Two things to note. 1) This woman is not, by either birth or ancestry, from a part of the world where rugby is played. 2) You wouldn’t have thought she was one of nature’s rugby fans, as she considers that Jeremy Corbyn is a good person to be leading the Labour Party. (True, thousands of Tories think the same thing, but for completely different reasons.)

That’s Exhibit A. Exhibit B is my old friend C——, whom I haven’t seen for about five years or so but suddenly pops up from the past to say hello, how about a drink? I always liked C—— very much, largely because she’s very funny and, let’s be frank about this, something of a sexpot. She seems keen to bring someone over with her who, reading between the lines like a modern-day Sherlock Holmes, I deduce to be her latest partner. The thing is, she says, she’s not sure he can come, because he might be going beagling.

Beagling?

Well, she does come round (alone, thank goodness) and she’s looking even better than I remember, and is even funnier, too, and she shows me some of the pictures she has put up on her profile page on some dating site, and they’re not the kind of photographs this magazine will ever publish, let’s leave it at that. (One of them even moves.) And, as it turns out – and it doesn’t really surprise me that much – the young beagler she is seeing is a good thirty years-plus younger than she, and his photograph shows him to be all ears and curls, like a transporter mix-up between Prince Charles and the young David Gower. Like B——’s young man, he is not called Gervaise or Peregrine but may as well be.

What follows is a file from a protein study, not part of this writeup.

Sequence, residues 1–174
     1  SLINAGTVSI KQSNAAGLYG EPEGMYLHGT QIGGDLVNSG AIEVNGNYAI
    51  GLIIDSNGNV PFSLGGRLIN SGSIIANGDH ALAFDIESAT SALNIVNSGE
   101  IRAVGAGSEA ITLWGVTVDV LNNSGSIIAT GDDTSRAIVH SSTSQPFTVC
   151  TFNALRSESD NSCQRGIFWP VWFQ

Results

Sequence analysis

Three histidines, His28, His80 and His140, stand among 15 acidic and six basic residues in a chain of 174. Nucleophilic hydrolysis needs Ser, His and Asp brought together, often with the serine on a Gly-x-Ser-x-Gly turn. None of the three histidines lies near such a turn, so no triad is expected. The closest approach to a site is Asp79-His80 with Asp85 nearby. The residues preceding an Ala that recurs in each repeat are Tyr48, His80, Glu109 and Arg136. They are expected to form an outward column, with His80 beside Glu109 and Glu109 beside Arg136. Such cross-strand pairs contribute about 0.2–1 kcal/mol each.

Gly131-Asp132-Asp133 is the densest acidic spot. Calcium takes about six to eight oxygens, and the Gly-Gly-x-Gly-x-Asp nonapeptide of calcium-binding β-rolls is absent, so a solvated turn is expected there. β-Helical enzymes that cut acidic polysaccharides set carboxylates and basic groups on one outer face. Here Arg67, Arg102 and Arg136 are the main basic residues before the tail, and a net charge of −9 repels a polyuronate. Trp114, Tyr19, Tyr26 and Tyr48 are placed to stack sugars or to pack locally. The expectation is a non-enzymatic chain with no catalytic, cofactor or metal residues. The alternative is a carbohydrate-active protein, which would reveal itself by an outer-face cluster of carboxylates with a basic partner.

What on Earth is going on here? Can we blame Farage? I can understand the pull of the void, but this is getting ridiculous. Do they not quite understand what they’re doing? Actually, C—— does, because she’s had her eyes open all her life, and B——, her youth and political idealism notwithstanding, didn’t exactly come down in the last shower, either.

So what is it with these young wannabe toffs – one of whom isn’t even rich? “You’d like him,” C—— says, but I’m not so sure. People who go beagling sure as hell don’t like me, and I see no reason not to return the favour.

Well, I can’t thrash this out here. C—— leaves, but not before giving me the kind of kiss that makes me wish Binkie Beagley, or whatever his name is, would just wink out of existence.

Nicholas Lezard is a literary critic for the Guardian and also writes for the Independent. He writes the Down and Out in London column for the New Statesman.

This article first appeared in the 16 February 2017 issue of the New Statesman, The New Times